· Ships in Distress, 11 Encyclopedia of Public International Law 287 -289 (1989):

A ship that has entered a foreign port because of distress is normally exempt from customs and other duties. . . . - But even if a situation of distress objectively exists, the coastal State will not grant immunity to the vessel entering its port or its territorial waters if this vessel is engaged in illegal activities such as piracy, traffic in arms, drug traffic or smuggling. . .

Oppenheim’s International Law, vol.1, parts 2—4, § 204, at 624-625 (9th ed. Jennings & Waifs eds. 1992):

“§ 204 Vessels in distress. By ancient custom a foreign vessel which has to take refuge in a port owing to stress of weather or other danger to its safety, enjoys a certain immunity from the local jurisdiction.”[10]



[1] Moore, Digest of International Law 353, 354 (1906), citing Webster’s Works, vol.VI, 303, 306. Secretary Webster’s letter related to the taking of the Creole by mutineers into a British port.
[2] The relevant decisions and correspondence is then set out by Jessup in pages 194-208. To the same effect, see 11 G. Hackworth, Digest of International Law 277-282(1941).
[3] Citing to The Creole (1855), Moore, 1 International Arbitrations, p. 4375, at pp. 4377 and 4378.
[4] Citing to The Kate A. Hoff Case [1929-301 Ann. Dig. 129 (No. 82); The May v. The King, [1931] Can.
Sup. Ct, 374, [1931-32] Ann. Dig. 154 (No. 82); Rex v. Flohant, [1935] 2 D.L.R. 685, [1938-40] Ann. Dig.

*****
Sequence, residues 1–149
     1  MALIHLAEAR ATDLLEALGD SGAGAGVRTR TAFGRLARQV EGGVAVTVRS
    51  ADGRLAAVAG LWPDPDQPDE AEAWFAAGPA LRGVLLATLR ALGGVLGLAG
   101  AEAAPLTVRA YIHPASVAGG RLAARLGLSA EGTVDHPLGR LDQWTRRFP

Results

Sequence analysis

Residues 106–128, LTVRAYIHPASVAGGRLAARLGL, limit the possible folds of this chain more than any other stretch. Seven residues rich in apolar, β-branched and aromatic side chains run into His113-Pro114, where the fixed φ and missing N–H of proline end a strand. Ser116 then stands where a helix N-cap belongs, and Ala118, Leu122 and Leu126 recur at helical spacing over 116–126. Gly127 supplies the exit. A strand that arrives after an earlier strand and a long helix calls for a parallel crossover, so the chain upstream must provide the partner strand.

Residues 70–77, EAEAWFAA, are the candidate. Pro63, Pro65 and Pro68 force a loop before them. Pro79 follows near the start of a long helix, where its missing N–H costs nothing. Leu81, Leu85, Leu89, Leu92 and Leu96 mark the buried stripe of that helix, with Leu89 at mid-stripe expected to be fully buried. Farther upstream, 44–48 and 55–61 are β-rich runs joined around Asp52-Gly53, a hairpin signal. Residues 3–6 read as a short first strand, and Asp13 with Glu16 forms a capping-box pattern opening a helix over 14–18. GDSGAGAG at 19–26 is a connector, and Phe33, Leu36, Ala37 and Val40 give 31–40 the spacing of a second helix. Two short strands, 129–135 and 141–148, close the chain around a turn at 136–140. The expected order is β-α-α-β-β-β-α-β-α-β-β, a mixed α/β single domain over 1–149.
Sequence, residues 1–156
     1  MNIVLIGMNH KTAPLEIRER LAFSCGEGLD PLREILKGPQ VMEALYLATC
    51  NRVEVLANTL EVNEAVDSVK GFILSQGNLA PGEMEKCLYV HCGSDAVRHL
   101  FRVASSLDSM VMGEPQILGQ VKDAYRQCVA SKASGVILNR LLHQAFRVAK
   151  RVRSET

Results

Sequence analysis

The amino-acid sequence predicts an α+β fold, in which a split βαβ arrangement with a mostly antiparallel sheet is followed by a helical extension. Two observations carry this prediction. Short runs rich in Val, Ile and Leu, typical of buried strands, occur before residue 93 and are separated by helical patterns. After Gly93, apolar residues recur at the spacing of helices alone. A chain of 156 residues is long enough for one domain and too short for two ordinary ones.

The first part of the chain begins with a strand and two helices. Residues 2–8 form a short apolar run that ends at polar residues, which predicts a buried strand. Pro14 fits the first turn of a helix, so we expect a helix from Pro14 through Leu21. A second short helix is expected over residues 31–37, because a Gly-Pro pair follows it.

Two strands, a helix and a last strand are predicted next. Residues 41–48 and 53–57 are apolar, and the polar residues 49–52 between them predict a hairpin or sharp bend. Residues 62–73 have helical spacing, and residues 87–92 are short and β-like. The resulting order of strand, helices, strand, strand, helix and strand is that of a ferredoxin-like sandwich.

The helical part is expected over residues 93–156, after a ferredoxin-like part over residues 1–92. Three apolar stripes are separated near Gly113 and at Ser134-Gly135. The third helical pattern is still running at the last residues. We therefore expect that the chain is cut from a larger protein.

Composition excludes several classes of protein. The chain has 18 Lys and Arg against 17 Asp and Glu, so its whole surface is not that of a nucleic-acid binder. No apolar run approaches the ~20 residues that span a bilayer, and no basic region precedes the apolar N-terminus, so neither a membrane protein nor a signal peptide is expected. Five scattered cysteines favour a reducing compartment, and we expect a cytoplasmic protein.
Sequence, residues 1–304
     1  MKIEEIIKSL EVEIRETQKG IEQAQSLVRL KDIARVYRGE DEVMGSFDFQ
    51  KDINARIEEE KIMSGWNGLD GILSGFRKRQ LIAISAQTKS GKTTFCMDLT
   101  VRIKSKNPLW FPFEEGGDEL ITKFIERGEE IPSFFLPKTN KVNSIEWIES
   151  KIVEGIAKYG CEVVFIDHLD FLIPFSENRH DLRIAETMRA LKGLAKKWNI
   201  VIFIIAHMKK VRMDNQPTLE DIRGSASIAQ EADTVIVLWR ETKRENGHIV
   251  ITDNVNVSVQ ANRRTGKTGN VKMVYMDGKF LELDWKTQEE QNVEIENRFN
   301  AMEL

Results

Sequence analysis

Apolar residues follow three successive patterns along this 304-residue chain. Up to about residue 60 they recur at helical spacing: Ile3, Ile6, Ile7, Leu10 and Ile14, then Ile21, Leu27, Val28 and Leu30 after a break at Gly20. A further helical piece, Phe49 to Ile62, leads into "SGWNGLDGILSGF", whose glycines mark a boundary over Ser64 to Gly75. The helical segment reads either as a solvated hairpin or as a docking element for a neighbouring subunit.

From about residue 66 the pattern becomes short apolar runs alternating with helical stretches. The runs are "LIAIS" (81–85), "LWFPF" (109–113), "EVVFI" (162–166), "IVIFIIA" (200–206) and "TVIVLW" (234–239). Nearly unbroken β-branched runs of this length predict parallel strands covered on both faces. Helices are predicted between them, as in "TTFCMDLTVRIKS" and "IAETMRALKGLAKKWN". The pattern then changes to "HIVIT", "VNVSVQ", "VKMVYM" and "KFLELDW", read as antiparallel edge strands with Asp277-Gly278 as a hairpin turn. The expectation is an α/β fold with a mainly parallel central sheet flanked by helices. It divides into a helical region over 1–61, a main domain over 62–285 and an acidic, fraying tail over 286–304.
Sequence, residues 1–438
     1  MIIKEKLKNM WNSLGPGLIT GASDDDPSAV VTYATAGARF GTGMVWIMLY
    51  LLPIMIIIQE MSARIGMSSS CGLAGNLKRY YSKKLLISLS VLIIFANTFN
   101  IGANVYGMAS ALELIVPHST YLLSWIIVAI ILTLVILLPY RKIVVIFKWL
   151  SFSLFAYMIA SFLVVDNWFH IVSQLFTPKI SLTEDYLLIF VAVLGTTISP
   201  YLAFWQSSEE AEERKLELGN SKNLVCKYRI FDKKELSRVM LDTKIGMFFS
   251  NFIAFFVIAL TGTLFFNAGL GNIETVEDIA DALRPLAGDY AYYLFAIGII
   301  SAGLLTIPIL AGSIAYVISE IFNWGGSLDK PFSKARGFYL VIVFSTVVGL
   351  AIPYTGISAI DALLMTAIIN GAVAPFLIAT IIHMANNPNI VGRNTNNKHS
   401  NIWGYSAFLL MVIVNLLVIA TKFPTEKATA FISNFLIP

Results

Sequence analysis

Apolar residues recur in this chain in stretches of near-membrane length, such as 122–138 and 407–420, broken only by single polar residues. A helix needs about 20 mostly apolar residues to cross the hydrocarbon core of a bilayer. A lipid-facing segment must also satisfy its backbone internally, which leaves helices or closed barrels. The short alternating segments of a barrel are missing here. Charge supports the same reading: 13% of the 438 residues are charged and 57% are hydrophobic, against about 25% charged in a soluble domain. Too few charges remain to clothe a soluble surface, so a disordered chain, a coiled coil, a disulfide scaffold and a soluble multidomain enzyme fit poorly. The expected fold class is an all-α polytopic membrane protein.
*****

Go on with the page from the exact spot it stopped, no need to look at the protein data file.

164 (No. 6 1). In Cushin and Lewis v. The King, a Canadian court held that a ship entering in distress must
still conform to some coastal laws, including in the immediate case, the requirement of filing a report with the
collector of customs. [1933-34] Ann. Dig. 207 (No. 87); (19351 Can. Exch.103. See also Jessup, The Law of
Territorial Waters and Maritime Jurisdiction 194-208 (1927); Institute of International Law, 47 Annuaire(II)
486 (Resolution adopted by the Institute of International Law 1957); Schwarzenberger, International Law as
Applied by International Courts and Tribunals 197-98 (3rd ed. 1957).
[5] Citing to the Creole case (1853) reprinted in J.B. Moore, International Arbitrations 4375; R. v. Flahaut [1935] 2 D.L.R. 685 (Canada); the Carlo-Alberto case, [1832] S. Jur, I, at 664 (France); [1808] The Eleanor, 6 C.Rob. 39 (U.K.); the Kate A. Hoff, 5 Ann. Dig. 129 (1929).

[6] See the Guidelines on places of refuge for ships in need of assistance, IMO resolution A.949(23), December 5, 2003.
[7] Citing Jessup at 194. Other citations to the opinion of Justice Story in The Brig Concord, 9 Cranch 387 (1815); The Louise F, 293 Fed. 933 (1923) and The Rebecca, 23 AJIL 860 (1929).

[8] U.S cases cited in support of these propositions include Hallett & Browne v. Jenks, 3 Cranch, 210, at 219 (Marshall, Ci, 1805); The New York, 3 Wheat. 59(1818); Brig Concord, 9 Cranch 387 (1815); The Diana, 7 Wall. 354(1869); The Nuestra Senora de Regla, 17 Wall. 29(1873).
[9] Citing Kate A. Hoff Claim (United States v. Mexico (1929), 4 R. Int’l Arb. Awards 444 (1951)
[10] Citing Chief Justice Marshall’s decision in Hallet & Browne v. Jenks, 3 Cranch 210 (1805).